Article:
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room too dead? lose base?
Old 16th May 2006
  #1
Gear Addict
 

room too dead? lose base?

So I have a buttload of 703/5 panels already covered that I threw in the mix room in my new proj studio (it was the worst room imaginable mirrors on walls and all parallel aweful) anyway... it's VERY dead now, but I can only hear the bass in one part of the room. What is the best way to figure out how to modify my dampening to flatten my freq. response? I don't want to just keep moving things around until it sounds good. Would posting a drawing be any help?

I have tons of convex and concave pattern sound foam along with a ton of "bass traps" which are more like 4x8 sized material wrapped 705 panels.
Old 17th May 2006
  #2


Your bass traps are straddling the corners?

Look into multiple sub-woofers there is some information on it at the Harmon-Kardon website under the WHite Paper section.




-tINY

Old 17th May 2006
  #3
Gear Addict
 

lol I have so many "bass traps" that almost 100% of the wall area is covered... will post a drawing to get more guidance.
Old 17th May 2006
  #4
Lives for gear
 

AFAIK "4x8 sized material wrapped 705 panels." would not constitute bass trapping. It would be more like broadband trapping, skewed towards the highs and mids.

Run a spectrum analysis to see what frequencies you need to kill for a start.

Maybe you need some actual bass trapping - membrane panels, helmhotz bins etc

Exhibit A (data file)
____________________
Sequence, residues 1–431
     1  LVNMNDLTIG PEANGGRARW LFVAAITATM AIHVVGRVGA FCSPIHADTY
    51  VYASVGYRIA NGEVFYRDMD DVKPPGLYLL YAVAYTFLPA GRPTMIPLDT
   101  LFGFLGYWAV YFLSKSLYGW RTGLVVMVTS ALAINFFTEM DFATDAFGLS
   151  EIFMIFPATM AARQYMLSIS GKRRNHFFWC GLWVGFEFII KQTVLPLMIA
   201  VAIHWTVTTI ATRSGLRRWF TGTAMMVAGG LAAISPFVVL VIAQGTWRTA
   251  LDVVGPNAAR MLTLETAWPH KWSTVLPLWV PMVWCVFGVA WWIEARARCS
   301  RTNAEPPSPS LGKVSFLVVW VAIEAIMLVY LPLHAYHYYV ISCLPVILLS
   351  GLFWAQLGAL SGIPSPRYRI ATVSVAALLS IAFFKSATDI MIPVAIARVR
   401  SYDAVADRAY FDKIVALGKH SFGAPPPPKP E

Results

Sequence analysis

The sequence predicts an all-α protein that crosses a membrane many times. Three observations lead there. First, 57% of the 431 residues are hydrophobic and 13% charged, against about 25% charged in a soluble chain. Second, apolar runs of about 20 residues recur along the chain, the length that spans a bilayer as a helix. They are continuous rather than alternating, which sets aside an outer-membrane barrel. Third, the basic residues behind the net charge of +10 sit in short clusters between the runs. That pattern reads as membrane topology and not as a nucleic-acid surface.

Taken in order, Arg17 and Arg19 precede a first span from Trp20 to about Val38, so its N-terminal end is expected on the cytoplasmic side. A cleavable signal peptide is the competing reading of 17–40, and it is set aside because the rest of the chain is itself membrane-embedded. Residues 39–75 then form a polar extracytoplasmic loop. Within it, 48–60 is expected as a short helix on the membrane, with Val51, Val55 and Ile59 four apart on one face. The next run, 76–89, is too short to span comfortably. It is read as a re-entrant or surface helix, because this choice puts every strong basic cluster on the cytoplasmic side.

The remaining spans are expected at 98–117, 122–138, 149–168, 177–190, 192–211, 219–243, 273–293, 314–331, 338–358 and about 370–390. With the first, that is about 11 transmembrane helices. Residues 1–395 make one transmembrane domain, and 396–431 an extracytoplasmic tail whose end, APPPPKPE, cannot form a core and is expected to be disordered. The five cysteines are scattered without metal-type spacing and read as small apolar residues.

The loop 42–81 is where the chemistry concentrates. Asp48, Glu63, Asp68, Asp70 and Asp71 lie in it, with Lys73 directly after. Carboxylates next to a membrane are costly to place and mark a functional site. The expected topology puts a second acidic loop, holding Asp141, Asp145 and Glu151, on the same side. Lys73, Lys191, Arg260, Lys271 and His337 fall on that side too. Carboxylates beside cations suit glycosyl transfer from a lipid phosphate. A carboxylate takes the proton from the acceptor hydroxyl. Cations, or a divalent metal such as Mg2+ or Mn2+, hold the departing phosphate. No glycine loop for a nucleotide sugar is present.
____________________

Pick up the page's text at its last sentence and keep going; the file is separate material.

Old 17th May 2006
  #5
Lives for gear
 
Cojo's Avatar
 

Hi.

I don't believe you can "trap" away all the bass. You will always here the direct sound. Either your "bass traps" aren't trapping bass low enough so what you are left with is that you've trapped everything above and still got phase cancellations in the low register. OR you have managed to trap the bass and not the highs so your highs sounds louder and creates an illusion that the low fequences are missing?

This is in no way a definite answer, just something to set your mind working.

/Cojo
Old 17th May 2006
  #6
Gear Guru
 
Glenn Kuras's Avatar
When you say a butt load, how many is that? How thick are the panels? Are you straddling corners (someone asked that but you never said yes or no)? How did you build them? How much foam and where is the foam?
Ok a lot of questions, but only because all these things matter. Depending on your room size it is best to straddle corners with 4" rigid fiberglass (more is better). To keep the room more alive you want to build the panels with a FRK facing on them so the high end is not dead in the room. Then it is best to build 2' panels and put them through out the room (without FRK) to help with the high end. Depending on your ceiling height and if you have a hard floor, it is best to cover some of the ceiling so you do not get floor to ceiling flutter.

Glenn
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